Statistics are useful ways to analyze data, but they can also be misleading. This summer is a classic example of how numbers do not tell the true story. We went for weeks without any significant rain, coupled with extreme heat, which has caused fairly extensive mortality on trees and shrubs. Even trees that have not died outright may have been permanently damaged by the hot, dry, conditions. It will take years for some sensitive forest tree species, such as hemlocks, to recover. Yet, when the drought finally ended, as it has for most of the region, with as much as six or seven inches of rain falling in just a few days, the total rainfall will probably make this an “average” season, in terms of total precipitation. In terms of temperature, it only takes a few cold nights to “average” out the 20+ days over 90 degrees.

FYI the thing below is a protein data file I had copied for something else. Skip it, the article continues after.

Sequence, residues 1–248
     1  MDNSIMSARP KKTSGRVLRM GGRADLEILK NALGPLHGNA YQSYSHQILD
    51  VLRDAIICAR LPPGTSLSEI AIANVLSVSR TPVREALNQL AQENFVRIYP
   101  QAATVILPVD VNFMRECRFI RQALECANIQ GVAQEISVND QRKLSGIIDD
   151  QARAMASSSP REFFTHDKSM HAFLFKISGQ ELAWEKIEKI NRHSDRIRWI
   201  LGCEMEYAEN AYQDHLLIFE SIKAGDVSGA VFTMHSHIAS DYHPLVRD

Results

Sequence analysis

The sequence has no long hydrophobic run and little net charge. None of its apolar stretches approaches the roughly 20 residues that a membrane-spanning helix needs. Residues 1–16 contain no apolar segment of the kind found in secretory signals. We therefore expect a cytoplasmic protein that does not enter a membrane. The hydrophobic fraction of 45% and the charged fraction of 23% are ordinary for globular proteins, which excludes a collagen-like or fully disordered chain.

We all know that this has been a far from average growing season. Soils are capable of retaining only a certain amount of moisture. This is called “field capacity.” Once the soil is at field capacity, any additional rainfall either runs off, washing away some of the soil, or it puddles, creating a low oxygen condition that may suffocate roots. Soils that have a lot of clay are capable of storing much more water than sandy soils. In a dry summer, such as this, plants growing on clay soils have fared far better than plants growing in sandy soils. Just as one cannot “catch up” on sleep, by sleeping for 12 hours, after several days of four hours of sleep, our soils cannot “catch up” from a moisture deficit when we get several inches of rain in a hurry. The best we can do is to store the excess water in rain barrels and other containers for future use. Two weeks of no rain will negate any value from the previous downpours. You still need to water newly planted trees and shrubs weekly, in the absence of at least an inch of rain.